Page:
Here the line graph $L(G)$ of $G$ is defined by $L(G) := (E,\{ef : e,f \in E, e \bigcap f \neq \oslash\})$.

I think I have an argument for the forward direction. If G is a caterpillar graph on $n$ vertices then it is a tree where all vertices are within distance 1 of a central path. So if this path has length $k$ we construct a new path of length $k-1$ in $L(G)$.

Label the edges in the simple path $e_1, e_2, ..., e_k$ in $G$ in order of connectedness and label the vertices in the simple path just constructed $v_1, v_2, ..., v_k$ respectively. Then, on each pair of vertices $(v_i,v_{i+1}), i = 1, 2, ..., k-1$, construct the complete graph $K_{r}$ using both $v_i$ and $v_{i+1}$ and $r-2$ new vertices, where $r$ is the number of edges incident on the vertex in $G$ shared by $e_i$ and $e_{i+1}$. Since every complete graph contains a Hamiltonian path between any two vertices, this line graph can be traversed by following such a path in the complete graph from $v_i$ to $v_{i+1}$ when available, and otherwise going straight from $v_i$ to $v_{i+1}$. Have I missed anything?

I am struggling to come up with ideas for the converse.


SKETCH: If $G$ is a tree w a Hamiltonian path then $G$ is a caterpillar graph.

Let $v$ be a vertex of distance 1 from the maximum-length path $P$ in $G$, and let us assume that $v$ has a $S$ set of descendants (all of $v$'s neighbors that are not on the central path). Next, let $u$ be $v$'s neighbour on the central path. Then as $G$ is a tree, there is exactly one such $u$, and moreover in the line graph of $G$, the vertex $z_{uv}$ is a cut vertex; indeed removing $z_{uv}$ cuts the vertices $Z_S =\{z_{ab}; a,b \in S \cup \{v\}\}$ from the rest of the graph. So $\{z_{uv} \}+ Z_S$ must be contiguous vertices on one end of the Hamiltonian path.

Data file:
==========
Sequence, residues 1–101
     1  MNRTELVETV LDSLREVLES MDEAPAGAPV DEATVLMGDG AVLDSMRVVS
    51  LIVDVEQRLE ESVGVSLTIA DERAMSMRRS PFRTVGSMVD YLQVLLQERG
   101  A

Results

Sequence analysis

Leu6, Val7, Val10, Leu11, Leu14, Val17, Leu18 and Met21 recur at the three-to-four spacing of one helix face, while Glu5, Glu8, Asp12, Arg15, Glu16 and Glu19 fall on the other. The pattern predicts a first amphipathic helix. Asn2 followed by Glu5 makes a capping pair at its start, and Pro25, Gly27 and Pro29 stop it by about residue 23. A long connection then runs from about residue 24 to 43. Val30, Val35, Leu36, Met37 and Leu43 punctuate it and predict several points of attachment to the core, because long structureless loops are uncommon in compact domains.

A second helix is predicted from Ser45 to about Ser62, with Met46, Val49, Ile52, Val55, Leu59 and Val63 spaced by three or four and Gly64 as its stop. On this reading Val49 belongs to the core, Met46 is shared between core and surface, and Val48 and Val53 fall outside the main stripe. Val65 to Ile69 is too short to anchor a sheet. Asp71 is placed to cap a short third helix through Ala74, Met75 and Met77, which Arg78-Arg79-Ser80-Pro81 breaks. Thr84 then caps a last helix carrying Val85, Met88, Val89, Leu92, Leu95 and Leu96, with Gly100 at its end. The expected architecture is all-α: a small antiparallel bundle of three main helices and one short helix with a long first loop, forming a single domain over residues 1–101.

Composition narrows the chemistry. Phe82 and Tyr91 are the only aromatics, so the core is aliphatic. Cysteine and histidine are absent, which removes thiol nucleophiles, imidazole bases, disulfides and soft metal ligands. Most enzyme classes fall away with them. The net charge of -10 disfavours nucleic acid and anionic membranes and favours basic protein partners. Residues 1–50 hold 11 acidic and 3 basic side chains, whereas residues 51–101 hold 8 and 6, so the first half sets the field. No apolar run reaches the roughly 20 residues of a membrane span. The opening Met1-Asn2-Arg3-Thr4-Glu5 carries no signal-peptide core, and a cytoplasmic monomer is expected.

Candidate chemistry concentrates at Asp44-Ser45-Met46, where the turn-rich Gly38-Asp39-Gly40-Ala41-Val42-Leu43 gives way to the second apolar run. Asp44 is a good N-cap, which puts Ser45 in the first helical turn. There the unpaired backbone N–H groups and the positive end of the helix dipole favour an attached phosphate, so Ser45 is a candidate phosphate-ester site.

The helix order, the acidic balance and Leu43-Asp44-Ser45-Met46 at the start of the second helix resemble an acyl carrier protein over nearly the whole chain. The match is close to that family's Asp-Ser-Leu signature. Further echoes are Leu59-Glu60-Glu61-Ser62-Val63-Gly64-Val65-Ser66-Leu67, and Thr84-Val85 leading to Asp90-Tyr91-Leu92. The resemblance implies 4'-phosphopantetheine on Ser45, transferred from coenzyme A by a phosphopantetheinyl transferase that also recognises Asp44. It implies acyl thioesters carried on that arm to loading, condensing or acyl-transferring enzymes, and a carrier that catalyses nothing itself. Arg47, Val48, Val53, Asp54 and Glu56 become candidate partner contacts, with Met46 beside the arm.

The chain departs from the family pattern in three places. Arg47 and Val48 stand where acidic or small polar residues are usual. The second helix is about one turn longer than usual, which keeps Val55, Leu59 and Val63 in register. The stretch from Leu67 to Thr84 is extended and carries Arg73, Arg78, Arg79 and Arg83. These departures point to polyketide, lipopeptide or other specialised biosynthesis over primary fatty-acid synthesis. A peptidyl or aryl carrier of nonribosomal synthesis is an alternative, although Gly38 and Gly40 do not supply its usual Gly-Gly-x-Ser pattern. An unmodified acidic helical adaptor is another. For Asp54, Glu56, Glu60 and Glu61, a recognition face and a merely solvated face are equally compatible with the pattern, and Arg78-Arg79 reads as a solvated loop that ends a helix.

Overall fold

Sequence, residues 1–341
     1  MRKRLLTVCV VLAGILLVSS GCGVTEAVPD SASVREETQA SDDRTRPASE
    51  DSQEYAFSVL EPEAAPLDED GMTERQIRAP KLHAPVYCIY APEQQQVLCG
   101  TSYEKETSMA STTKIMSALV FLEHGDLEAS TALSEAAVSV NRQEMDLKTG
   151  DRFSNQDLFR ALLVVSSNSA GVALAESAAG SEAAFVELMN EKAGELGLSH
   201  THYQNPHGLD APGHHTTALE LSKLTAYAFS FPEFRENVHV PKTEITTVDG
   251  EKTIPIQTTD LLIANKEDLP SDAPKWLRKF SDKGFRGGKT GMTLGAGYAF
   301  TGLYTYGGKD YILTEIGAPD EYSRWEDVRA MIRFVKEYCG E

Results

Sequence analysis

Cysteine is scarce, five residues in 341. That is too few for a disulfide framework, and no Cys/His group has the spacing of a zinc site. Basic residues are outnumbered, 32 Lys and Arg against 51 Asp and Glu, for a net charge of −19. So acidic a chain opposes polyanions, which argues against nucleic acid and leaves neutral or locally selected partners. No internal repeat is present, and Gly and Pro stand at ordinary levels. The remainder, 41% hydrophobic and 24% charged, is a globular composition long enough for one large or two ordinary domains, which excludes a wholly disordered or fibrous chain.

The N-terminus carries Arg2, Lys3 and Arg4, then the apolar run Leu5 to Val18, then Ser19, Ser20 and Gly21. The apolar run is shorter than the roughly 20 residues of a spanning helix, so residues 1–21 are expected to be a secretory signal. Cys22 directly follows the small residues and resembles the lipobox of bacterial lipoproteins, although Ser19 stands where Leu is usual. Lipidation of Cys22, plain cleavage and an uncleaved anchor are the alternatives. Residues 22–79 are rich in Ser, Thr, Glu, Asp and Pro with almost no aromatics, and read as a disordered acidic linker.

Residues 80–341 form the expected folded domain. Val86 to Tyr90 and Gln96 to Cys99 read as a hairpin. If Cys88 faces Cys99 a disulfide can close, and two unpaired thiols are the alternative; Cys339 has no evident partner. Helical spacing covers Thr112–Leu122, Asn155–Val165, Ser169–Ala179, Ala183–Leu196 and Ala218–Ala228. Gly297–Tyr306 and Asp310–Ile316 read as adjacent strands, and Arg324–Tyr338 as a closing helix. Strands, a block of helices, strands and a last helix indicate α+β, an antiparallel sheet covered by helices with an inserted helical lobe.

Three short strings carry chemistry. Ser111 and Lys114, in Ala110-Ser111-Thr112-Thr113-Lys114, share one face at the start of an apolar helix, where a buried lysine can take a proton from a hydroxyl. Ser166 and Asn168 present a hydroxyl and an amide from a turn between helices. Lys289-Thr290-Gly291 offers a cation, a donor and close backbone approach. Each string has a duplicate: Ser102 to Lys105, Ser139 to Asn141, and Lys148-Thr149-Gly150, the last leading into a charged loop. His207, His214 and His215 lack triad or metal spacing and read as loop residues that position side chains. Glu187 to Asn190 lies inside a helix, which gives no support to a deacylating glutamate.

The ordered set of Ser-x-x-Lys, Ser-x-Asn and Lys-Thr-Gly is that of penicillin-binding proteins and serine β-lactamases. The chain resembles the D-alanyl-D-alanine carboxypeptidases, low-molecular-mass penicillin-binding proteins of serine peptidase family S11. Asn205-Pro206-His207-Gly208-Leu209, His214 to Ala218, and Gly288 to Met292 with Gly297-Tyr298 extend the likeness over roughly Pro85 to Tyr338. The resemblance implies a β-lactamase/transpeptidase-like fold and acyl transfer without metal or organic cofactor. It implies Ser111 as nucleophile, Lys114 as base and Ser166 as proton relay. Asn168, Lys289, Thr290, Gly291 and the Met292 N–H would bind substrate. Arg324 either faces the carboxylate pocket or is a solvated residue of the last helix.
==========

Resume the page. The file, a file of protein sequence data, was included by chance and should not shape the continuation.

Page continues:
This implies that (a) the line graph of $G'=G \setminus [S+\{v\}]$ has a Hamiltonian path $H'$ that ends at an edge incident to $u$. However, (b) each edge $e$ incident to $u$ in $G'$ is a cut edge with each component of $G \setminus \{e\}$ has at least one edge. [Indeed, suffices to show that $u$ is not an endpoint of the path $P$ and neither is any neighbor of $u$ in $P$. However, this is so lest $P$ is not maximum-length after all, otherwise let $u'$ be $u$'s neighbour in $P$ that is an endpoint, then let $P'= P -\{uu'\}+\{uv\}$ $+\{vv'\}$ where $v'$ is a neighbour of $v$ of distance 2 from $P$.] As (a) and (b) contradict each other, there is no Hamiltonian path in $G$ after all.

For the forward direction, basically looks good, but you do need to note that $K_i$ and $K_{i+1}$ intersect at exactly one vertex, lest the Hamiltonian paths in $K_i$ and $K_{i+1}$ intersect besides at the endpoints....i.e., the paths in each of the cliques have to intersect at precisely the endpoints [and no more] and cover all the vertices


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